Sunday, June 20, 2010

Cardinal's deposition sheds new light on how church handled abuse

Cardinal's deposition sheds new light on how church handled abuse

From CNN National Correspondent Susan Candiotti and Producer Ross Levitt:

In a newly released videotaped deposition, Los Angeles Roman Catholic Cardinal Roger Mahony defends how he handled—and admittedly mishandled—allegations that one of his priests was molesting children.

The deposition was taken last January by lawyer John Manly, suing on behalf of a client who says he was abused by a priest named Michael Baker in the Los Angeles Archdiocese more than a decade ago.

The lawsuit was settled a few months ago for over two million dollars and Baker is serving a 10-year sentence for molesting three boys.

Manly says that he and the Los Angeles Times convinced a judge to release the videotape of the deposition this week after the Archdiocese attempted to keep it under seal.

The allegations discussed in the deposition aren’t new, but the tape gives additional insight into what Mahony was thinking when he decided to forego reporting Baker to police or mentioning Baker’s history to his parish after the priest told the cardinal he molested two boys in 1986.

The priest told Mahony that the boys were illegal aliens and that they had gone back to Mexico. Mahony said he didn’t investigate because he didn’t know the boys’ last names.

“This is among the most absurd excuses we've ever heard a bishop make—that he refused to call police because an admitted predator claimed the victims had left the country,” said Barbara Blaine, the national president of SNAP, the Survivors’ Network of those Abused by Priests.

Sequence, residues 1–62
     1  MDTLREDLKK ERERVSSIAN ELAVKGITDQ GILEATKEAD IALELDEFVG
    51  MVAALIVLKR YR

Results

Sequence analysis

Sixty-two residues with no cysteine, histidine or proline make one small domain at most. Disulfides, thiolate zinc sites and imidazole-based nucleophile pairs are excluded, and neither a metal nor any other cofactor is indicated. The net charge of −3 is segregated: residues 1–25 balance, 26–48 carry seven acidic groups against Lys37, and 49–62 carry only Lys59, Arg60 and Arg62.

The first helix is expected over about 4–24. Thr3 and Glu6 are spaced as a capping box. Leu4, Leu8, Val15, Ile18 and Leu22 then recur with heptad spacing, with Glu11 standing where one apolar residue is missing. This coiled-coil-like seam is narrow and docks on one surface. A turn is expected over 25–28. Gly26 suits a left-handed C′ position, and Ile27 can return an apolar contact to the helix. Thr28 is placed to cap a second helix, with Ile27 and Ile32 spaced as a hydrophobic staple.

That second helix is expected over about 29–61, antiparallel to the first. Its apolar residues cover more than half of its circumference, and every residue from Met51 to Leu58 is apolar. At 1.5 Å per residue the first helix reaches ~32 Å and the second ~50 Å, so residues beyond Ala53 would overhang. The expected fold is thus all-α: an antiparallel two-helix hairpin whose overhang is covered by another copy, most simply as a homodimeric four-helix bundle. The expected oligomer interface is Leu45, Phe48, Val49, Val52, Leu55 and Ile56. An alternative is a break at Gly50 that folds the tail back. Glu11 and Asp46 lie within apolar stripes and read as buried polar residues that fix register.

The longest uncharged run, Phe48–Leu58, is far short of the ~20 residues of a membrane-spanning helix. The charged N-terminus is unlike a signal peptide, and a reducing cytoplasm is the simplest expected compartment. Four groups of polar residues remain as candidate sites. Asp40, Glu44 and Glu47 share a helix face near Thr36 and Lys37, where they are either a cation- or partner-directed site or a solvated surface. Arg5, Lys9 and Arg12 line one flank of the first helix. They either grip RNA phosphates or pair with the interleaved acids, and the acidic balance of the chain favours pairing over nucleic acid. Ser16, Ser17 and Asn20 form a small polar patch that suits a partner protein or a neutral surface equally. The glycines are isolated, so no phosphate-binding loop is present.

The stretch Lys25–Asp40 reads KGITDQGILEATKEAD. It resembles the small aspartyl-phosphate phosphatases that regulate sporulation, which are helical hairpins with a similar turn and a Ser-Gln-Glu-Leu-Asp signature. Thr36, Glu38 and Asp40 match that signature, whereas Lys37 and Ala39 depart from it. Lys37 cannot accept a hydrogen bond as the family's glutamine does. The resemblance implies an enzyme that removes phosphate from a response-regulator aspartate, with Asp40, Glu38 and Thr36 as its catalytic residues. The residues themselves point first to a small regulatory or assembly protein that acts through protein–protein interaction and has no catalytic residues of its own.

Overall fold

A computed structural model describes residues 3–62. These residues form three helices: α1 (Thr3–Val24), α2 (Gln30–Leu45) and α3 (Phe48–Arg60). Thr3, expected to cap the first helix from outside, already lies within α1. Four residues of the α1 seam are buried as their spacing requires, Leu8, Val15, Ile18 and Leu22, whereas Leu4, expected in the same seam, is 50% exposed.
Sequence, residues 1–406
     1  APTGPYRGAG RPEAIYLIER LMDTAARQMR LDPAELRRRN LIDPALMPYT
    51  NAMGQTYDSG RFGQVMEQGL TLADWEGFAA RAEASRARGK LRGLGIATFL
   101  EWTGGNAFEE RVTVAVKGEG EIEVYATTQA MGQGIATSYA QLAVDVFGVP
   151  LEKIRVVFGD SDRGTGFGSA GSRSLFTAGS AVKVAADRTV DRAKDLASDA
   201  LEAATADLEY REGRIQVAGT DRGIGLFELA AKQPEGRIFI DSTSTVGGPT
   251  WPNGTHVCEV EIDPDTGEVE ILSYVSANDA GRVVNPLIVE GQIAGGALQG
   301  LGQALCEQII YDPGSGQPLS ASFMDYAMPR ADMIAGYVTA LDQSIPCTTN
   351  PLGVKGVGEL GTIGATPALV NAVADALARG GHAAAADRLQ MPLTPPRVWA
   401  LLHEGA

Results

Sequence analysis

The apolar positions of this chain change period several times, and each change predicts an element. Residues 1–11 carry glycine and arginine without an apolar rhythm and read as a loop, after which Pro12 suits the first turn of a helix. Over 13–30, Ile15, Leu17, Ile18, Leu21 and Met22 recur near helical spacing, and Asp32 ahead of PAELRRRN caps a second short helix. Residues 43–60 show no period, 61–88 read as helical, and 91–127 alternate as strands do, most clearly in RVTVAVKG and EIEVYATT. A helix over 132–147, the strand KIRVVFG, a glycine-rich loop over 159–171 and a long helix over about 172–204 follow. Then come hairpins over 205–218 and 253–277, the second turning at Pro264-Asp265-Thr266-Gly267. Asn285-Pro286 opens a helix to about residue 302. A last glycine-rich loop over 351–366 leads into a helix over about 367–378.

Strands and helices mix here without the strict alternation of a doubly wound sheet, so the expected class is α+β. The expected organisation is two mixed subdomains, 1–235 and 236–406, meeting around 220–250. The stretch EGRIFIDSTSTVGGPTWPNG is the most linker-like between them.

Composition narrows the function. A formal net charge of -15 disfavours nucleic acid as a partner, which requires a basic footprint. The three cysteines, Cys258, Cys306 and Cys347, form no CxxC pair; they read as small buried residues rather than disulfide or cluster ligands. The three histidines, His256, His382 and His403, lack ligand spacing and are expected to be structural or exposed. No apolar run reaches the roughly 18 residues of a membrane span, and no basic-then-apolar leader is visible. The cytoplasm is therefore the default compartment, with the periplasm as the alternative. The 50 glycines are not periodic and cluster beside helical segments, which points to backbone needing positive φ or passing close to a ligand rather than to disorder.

In a statement, Blaine said that “the legal status of children who are molested is irrelevant and it's shameful that Mahony would claim otherwise.”

“If, in fact, Fr. Baker's victims had left the U.S.,” the statement continued, “Mahony's duty to call police was even greater, since the chances that the kids themselves would contact law enforcement was virtually nil.”

Los Angeles Archdiocese spokesman Tod Tamberg told CNN that any notion that Mahony may not have pursued the allegations because the children were illegal aliens is “baloney.”

In the deposition, Mahony says he later learned Baker lied about knowing who the boys were and where they lived.

"Basically, I believed him,” the cardinal says in the deposition. “I believed him all along that he was making progress, that he was going to a therapist. There were no new offenses. And we found out later that he lived a huge lie all those years. "

“Did you not think it was prudent to go to the parish and make an announcement that Father Baker had hurt these kids and if anybody’s been hurt by Father Baker, please come forward so we can get you some help?” Manly asks Mahony in the deposition.

“Well, the challenge is trying to look at 1986 through the lenses of 2010,” Mahony responds.

Before 1997, the Church was not legally mandated to report child abuse allegations and Mahony said there was no Church policy to do so at the time. There is now.

In the deposition, Mahony acknowledges that it was later learned that Baker molested about 20 boys over time. Baker lived in nine parishes after receiving church-ordered treatment for molesting the two boys in 1986, though he was forbidden from further contact with children during his other assignments.

The Los Angeles Archdiocese finally reported Baker to the police in 2002 after another abuse allegation in 2000. Baker, who asked to be defrocked, was convicted in 2007.

When the videotape was released, Mahoney issued a statement apologizing for how he dealt with Baker’s case, as he has in the past.

“Though the details of what transpired from 1986 to 2000 are not new," the statement said, " …I have made sure that our sexual abuse prevention policies and procedures will keep our children and young people safe from predators like Michael Baker.”

As CNN Special Investigations Correspondent Drew Griffin first reported last year, sources say that a federal grand jury in Los Angeles is investigating whether the Archdiocese and Cardinal Mahony violated the law in his response to molestation of children by priests.

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